Tapping tips by Mr. Jean-Marie Chabot
On October 27th, 2020, I had the chance to interview a person with extensive experience in the maple syrup industry, Mr. Jean-Marie Chabot, co-founder of CDL Maple Sugaring Equipment. This seasoned entrepreneur shared his tapping tips with us so that both newbies and the more experienced of you, dear customers, can brush up on your skills as the new season dawns. We hope you will benefit from this interview, happy reading!
Anne-Sophie Couture-Goulet (ASCG): What are the basic principles to know before even making your first cut?
Jean-Marie Chabot (JMC): The basic principle is that you have to find a place on the tree to be able to drill, to observe carefully, go around the tree, to find the best spot.
ASCG: It means we have to go around each tree to find the best location.
JMC: I would say you have to have it in your head, because there is no better way, you have to find old holes that are often several years old, sometimes more than 25 years old. You have to go back that far, because there are places in Quebec where the growth and healing of the tree is slower. You have to be able to find the scar. You have to be able to tell the scars apart from the other roughness in the bark of the tree. It is very difficult to find the right place 100% of the time, because even the most experienced have difficulty in doing so. This is fundamental, because if you drill in compartmentalized wood, there will be no sap. If you land on a tree that has two taps, one in dark wood (compartmentalized) and the other in white wood, there is a tap that will give nothing at all. It’s very, very important.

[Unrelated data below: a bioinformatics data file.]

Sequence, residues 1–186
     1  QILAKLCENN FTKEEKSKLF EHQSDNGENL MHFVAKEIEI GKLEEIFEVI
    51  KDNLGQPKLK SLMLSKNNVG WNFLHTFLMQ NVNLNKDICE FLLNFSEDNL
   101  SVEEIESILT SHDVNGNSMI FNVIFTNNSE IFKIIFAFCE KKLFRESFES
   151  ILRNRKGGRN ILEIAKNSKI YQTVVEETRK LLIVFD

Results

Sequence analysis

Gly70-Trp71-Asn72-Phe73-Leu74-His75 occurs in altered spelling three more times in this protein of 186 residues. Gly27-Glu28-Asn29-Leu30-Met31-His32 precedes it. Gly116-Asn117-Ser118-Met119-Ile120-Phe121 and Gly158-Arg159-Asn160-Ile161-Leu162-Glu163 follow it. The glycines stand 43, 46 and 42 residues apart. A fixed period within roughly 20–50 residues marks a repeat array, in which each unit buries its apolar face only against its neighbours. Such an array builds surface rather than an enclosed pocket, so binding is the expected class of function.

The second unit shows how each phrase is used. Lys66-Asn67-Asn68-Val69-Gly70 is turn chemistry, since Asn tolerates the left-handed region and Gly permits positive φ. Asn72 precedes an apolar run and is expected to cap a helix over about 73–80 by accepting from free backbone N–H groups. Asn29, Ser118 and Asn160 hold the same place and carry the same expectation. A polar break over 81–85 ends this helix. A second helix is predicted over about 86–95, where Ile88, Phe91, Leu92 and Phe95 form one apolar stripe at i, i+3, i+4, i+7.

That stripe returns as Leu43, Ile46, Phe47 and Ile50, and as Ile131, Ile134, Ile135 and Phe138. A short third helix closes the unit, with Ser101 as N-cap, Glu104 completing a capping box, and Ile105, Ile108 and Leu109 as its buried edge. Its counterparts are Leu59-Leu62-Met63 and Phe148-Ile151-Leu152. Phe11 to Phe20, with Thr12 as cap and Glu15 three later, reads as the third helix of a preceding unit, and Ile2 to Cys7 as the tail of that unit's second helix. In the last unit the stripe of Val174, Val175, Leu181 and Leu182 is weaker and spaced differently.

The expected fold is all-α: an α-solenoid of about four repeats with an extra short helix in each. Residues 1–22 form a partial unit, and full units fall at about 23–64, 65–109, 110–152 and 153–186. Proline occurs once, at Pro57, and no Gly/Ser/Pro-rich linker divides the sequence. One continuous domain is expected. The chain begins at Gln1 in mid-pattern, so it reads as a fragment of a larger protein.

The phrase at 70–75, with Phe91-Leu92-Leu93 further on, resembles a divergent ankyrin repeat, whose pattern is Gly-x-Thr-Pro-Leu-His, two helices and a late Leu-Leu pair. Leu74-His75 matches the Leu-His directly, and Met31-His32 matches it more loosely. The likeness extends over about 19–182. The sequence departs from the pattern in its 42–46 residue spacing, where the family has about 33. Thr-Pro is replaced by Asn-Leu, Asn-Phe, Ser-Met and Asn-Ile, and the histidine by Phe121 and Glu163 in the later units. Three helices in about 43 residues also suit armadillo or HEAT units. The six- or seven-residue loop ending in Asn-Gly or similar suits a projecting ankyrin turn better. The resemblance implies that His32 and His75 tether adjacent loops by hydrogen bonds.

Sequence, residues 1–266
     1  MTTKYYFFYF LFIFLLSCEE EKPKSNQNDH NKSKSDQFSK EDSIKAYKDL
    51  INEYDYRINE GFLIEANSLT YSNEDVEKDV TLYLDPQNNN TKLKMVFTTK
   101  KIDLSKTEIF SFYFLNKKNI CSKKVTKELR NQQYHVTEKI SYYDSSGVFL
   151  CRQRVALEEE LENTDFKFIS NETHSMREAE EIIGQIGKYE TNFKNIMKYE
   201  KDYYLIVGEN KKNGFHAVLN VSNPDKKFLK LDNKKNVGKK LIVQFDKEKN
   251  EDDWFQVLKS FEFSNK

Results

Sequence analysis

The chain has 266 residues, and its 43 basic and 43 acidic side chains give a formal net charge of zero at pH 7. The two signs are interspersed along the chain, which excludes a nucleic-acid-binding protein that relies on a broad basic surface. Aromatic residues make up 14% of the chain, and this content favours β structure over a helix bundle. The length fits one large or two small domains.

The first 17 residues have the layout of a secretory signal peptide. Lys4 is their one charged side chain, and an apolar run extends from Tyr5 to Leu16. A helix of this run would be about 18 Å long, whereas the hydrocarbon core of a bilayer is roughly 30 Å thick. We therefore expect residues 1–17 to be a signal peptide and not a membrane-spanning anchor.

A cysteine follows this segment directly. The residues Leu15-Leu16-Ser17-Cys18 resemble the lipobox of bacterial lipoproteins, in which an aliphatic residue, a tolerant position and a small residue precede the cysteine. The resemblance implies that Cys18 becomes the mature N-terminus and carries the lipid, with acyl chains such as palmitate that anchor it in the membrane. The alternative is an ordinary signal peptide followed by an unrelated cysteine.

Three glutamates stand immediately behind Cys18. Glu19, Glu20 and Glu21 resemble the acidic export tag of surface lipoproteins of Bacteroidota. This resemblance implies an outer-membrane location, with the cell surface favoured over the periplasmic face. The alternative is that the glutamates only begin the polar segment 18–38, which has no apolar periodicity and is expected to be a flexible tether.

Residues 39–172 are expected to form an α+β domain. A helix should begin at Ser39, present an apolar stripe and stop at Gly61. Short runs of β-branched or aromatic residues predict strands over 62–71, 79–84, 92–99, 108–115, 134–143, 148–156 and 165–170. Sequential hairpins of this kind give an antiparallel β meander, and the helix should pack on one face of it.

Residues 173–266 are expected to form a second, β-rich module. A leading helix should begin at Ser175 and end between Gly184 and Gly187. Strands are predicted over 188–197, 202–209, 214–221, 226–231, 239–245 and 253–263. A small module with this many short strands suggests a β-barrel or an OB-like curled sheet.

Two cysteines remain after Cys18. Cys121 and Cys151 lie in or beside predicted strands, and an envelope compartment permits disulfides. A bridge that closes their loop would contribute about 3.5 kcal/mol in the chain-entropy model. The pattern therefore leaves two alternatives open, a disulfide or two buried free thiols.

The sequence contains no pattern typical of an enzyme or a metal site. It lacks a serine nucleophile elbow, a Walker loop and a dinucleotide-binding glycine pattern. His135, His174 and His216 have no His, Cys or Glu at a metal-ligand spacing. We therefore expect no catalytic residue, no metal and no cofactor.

To get the people who took my tapping courses to understand this principle, I had planks sawed from the trunk of maple trees to show examples. We can see the different layers of hole in the tree (see the next picture), which go from a depth of 0 to 6 inches to see the compartmentalization.
The compartment is about twice the width of the bit that drilled the hole, and the length is about 12 inches long, 6 inches at the top and 6 inches at the bottom of the tap, for small spouts, and up to 24 inches long for the older 7/16 ” (12 inch top, 12 inch bottom notch) spouts used 20-25 years ago, which were larger than today’s spouts. It is for this reason that it is imperative to find old scars on the tree.
ASCG: I see the photos of your boards (see images). I even see cuts where the maples have been over-tapped in the South, and under-tapped in the North.